I think there are also some pretty compelling parallels between criminals and police. Violence and danger and loyalty are a big part of both lifestyles, at least in the glorified fictional version. Different sides of the same coin, maybe? I like the idea of that for romantic leads.
Is there more to Wade Granger than his criminal persona? From reading the stories, I have to wonder if he is hiding a huge secret that will shock Jericho when revealed.
For me, the secret to Wade is how emotionally vulnerable he is, at least in some situations. All his machinations and smart-ass behaviours are essentially defense mechanisms… he’s working so hard to control the world because in the past when things got out of control, Wade got hurt. But I don`t think that`s a secret from Jericho. He might need to be reminded of it, but he certainly knows it on some level.
When writing a series, such as Common law, how do you make sure you keep the story alive over 4 books. Do you plot out the entire storyline/plot/conflicts/resolutions or do you just write and hope for the best?
I knew the basic romantic storyline–it`s pretty simple, really. But the subplots mostly came to me as I wrote, and then I went back and changed the earlier books so everything would match up. I really couldn`t have written this series if I`d started publishing before I was finished all the books… way too many things changed as I went.
Can you show us who you use as character representations for Jericho and Wade?
I don`t really have an image for Wade–well, I have one in my mind, but not a physical image. For Jericho, I was definitely inspired by:
Not that Jericho spends much time walking around with his shirt undone, but it`s a nice body-type, for sure!
If Jericho had never left, back when he was 18, would Wade and him have made a life together? Would Jericho have followed his family into crime?
I think when Jericho says he had to leave Mosely, he`s absolutely right. If he`d stayed, he`d have self-destructed. Gotten too wild, too reckless, too much. I think he and Wade would have stayed together for a while, but probably not forever–Wade loved Jericho too much to be able to watch him fall apart like I think he would have.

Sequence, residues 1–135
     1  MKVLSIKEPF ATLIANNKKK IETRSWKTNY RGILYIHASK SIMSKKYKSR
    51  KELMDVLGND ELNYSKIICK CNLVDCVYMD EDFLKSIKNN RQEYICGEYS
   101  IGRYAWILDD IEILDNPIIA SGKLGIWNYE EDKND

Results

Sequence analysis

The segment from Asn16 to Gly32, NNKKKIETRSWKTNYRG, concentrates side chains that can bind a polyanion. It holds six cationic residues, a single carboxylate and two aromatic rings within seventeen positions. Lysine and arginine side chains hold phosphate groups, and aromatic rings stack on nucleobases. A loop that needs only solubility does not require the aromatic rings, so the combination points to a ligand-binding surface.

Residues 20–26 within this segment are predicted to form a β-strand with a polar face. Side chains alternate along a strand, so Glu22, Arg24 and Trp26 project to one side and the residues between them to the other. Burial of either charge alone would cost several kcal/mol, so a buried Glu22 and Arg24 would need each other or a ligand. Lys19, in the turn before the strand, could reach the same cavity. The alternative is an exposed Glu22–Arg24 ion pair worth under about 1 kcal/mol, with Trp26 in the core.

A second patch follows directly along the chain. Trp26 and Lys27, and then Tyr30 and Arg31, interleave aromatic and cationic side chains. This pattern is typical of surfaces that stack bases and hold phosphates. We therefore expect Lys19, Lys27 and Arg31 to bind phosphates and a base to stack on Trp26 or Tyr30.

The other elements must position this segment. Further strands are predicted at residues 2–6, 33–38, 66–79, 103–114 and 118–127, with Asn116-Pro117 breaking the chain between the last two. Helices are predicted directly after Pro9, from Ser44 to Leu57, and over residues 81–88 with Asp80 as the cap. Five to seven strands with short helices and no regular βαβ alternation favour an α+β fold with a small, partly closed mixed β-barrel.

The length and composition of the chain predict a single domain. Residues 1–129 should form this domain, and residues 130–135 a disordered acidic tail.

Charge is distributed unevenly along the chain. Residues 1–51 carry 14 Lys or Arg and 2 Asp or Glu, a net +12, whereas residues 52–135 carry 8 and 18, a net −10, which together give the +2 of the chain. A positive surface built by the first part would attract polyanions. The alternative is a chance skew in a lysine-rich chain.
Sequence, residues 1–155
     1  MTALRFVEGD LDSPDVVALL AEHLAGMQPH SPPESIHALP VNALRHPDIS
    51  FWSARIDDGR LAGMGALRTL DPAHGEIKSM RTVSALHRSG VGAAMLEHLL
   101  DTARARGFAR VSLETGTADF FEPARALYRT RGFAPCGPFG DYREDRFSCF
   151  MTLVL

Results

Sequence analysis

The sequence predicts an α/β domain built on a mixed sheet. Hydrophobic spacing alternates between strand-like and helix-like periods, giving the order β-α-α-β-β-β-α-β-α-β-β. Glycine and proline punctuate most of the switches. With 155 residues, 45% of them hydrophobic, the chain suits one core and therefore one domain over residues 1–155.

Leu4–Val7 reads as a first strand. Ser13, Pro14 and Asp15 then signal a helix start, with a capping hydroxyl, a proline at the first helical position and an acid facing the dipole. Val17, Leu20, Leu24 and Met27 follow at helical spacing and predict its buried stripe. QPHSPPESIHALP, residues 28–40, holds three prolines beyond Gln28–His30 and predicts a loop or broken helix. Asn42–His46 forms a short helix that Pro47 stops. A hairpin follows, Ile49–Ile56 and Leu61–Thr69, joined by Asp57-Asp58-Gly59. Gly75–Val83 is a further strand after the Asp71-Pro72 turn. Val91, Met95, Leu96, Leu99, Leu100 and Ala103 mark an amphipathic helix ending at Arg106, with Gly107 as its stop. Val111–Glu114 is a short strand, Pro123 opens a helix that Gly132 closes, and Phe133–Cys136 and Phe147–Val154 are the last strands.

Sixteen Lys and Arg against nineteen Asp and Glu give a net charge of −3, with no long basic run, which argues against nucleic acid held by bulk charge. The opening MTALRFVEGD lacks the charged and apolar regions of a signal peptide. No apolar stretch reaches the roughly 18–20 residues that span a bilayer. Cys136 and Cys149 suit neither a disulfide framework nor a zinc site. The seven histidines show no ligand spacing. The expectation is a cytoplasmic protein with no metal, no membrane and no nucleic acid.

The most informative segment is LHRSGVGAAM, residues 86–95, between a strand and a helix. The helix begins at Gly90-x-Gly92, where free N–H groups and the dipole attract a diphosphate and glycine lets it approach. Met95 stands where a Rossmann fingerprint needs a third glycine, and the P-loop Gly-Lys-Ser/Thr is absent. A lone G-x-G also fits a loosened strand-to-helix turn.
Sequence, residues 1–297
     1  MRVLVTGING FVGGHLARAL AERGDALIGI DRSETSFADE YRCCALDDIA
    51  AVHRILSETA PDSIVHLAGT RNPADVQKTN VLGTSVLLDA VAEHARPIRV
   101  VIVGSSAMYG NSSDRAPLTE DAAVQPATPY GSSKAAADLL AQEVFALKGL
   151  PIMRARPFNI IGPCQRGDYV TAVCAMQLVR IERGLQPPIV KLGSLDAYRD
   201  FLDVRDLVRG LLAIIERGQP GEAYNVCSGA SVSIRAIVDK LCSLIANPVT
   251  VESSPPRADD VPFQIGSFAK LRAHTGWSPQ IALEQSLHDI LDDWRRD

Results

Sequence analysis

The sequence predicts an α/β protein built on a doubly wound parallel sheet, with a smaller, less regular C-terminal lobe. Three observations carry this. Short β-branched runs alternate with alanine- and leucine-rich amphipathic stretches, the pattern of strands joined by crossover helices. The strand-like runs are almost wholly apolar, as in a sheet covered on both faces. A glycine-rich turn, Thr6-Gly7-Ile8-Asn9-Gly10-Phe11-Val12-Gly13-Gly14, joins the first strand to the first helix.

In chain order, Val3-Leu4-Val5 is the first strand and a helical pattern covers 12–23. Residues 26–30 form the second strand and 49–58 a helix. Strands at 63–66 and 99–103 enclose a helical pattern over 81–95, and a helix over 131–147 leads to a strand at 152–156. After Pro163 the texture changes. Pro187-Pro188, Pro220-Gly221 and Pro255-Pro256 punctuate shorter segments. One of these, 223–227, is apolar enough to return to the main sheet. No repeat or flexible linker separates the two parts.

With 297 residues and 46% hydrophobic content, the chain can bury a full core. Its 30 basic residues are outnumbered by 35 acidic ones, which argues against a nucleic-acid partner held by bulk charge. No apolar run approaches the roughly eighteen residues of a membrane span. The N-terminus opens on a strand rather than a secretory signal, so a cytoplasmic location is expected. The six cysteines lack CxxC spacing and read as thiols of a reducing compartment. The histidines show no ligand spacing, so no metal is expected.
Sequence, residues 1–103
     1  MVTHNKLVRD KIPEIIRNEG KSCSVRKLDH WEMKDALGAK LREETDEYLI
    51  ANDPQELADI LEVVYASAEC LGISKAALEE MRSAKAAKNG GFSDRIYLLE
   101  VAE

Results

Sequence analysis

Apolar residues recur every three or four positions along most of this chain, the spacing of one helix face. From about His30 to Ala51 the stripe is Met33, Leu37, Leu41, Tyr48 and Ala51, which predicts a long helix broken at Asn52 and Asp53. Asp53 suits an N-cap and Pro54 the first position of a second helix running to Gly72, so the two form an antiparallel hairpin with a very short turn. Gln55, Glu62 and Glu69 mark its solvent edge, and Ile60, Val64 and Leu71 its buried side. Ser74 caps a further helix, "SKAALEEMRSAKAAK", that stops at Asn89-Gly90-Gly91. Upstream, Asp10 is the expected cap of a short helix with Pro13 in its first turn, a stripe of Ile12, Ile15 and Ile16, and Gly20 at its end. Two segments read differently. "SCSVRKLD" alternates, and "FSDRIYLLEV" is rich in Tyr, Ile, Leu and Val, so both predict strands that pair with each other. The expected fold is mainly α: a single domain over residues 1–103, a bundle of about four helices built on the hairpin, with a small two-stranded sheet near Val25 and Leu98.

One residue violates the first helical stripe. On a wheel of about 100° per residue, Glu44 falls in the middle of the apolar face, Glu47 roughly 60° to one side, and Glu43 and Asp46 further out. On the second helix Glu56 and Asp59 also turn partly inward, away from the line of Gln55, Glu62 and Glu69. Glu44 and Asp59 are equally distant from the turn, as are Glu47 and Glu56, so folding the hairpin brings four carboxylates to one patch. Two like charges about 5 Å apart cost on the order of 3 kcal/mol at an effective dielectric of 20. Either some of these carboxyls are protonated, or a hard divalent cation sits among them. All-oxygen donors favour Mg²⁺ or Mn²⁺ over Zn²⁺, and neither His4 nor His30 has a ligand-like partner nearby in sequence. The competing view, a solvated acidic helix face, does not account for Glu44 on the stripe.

What are some songs that would be on a Common Law Playlist?
Huh. Whenever I think about songs for stories, I always end up with Springsteen – Highway Patrolman, maybe? Well, most of the Nebraska album, probably! And maybe songs from The Ghost of Tom Joad as well… that moody, simmering vibe, with the sense that things could boil over any second? That’d work. And of course Adam Raised a Cain… “with the same hot blood burning in our veins,” and the idea of the son returning and the town trying to slot him into place. And for a little Canadian content, probably Long Time Running from the Tragically Hip… “It’s been a long time coming/ It’s been a long, long, long time running/ It’s well worth the wait.”
If Jericho and Wade, could put all differences aside for a day, and not worry about anything but each other..what would they do?
Well, if it was just one day, I doubt they’d make it out of bed. But if they had some extra time? I think they really do both love the mountains and the forest and spending time in nature. I can see them hiking and camping, maybe fishing… they hunted when they were younger, but I’m not sure they would anymore. They’ve both probably seen enough blood for a while.
When writing a story about criminal organizations, how do you research that aspect?
There’s a weird element of “truthiness”, in Stephen Colbert’s words, to writing about some topics. Like, in truth, most police work is incredibly tedious, most medical work is routine, most teachers go their entire career without sleeping with a coworker (or student!) and… most criminals are sleazy losers. But we have conventions in fiction, built up over generations and across various media, that readers come to think of as truth, even when they aren’t all that connected to reality. So I did consult the real world for some of my ideas–I looked at crime stats and read articles on biker gangs and militias and serial killers. But I also relied on the “truthiness” of popular culture. Some of my criminals aren’t much like real criminals, but they’ll feel realistic enough to people who’ve been immersed in the same pop culture I have.
What are your writing habits? Do you have specific daily goals or planning processes?
I used to be way more methodical. I’d wake up and write a thousand words before my day started, then go to work and do all that, then come home and do at least another thousand… but my job got more demanding and I started having more demands related to editing and promo and all the non-writing parts of being a writer, and I had to remind myself that writing isn’t my job; it’s my hobby. Sure, I want to make money from it and I hope to someday make it my job, but I can’t make myself miserable in the meantime. So I gave myself permission to relax a little and make sure I’m enjoying my writing time rather than grinding through it. Not great for productivity, but vital for sanity.